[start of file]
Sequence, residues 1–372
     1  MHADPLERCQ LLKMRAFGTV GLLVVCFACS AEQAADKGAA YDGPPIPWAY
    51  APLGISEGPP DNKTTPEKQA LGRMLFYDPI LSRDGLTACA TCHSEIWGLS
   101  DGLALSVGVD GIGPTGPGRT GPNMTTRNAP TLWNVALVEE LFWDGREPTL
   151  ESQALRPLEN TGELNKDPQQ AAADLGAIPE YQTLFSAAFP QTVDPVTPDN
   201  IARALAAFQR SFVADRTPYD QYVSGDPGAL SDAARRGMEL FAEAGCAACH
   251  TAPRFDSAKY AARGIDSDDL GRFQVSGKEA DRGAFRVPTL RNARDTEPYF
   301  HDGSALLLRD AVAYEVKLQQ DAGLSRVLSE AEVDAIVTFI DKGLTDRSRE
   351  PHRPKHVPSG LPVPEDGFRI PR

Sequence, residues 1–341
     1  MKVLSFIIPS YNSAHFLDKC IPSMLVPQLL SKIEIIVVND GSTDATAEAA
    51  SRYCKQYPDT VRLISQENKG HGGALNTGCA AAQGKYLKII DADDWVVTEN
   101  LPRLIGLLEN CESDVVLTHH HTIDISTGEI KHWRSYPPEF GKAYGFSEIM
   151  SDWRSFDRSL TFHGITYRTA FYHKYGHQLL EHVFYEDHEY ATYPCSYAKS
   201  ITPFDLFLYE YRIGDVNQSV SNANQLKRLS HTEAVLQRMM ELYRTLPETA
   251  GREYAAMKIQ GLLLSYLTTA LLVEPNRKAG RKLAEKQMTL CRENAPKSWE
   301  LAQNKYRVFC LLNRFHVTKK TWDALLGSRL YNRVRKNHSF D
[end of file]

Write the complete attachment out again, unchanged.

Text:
Sequence, residues 1–372
     1  MHADPLERCQ LLKMRAFGTV GLLVVCFACS AEQAADKGAA YDGPPIPWAY
    51  APLGISEGPP DNKTTPEKQA LGRMLFYDPI LSRDGLTACA TCHSEIWGLS
   101  DGLALSVGVD GIGPTGPGRT GPNMTTRNAP TLWNVALVEE LFWDGREPTL
   151  ESQALRPLEN TGELNKDPQQ AAADLGAIPE YQTLFSAAFP QTVDPVTPDN
   201  IARALAAFQR SFVADRTPYD QYVSGDPGAL SDAARRGMEL FAEAGCAACH
   251  TAPRFDSAKY AARGIDSDDL GRFQVSGKEA DRGAFRVPTL RNARDTEPYF
   301  HDGSALLLRD AVAYEVKLQQ DAGLSRVLSE AEVDAIVTFI DKGLTDRSRE
   351  PHRPKHVPSG LPVPEDGFRI PR

Sequence, residues 1–341
     1  MKVLSFIIPS YNSAHFLDKC IPSMLVPQLL SKIEIIVVND GSTDATAEAA
    51  SRYCKQYPDT VRLISQENKG HGGALNTGCA AAQGKYLKII DADDWVVTEN
   101  LPRLIGLLEN CESDVVLTHH HTIDISTGEI KHWRSYPPEF GKAYGFSEIM
   151  SDWRSFDRSL TFHGITYRTA FYHKYGHQLL EHVFYEDHEY ATYPCSYAKS
   201  ITPFDLFLYE YRIGDVNQSV SNANQLKRLS HTEAVLQRMM ELYRTLPETA
   251  GREYAAMKIQ GLLLSYLTTA LLVEPNRKAG RKLAEKQMTL CRENAPKSWE
   301  LAQNKYRVFC LLNRFHVTKK TWDALLGSRL YNRVRKNHSF D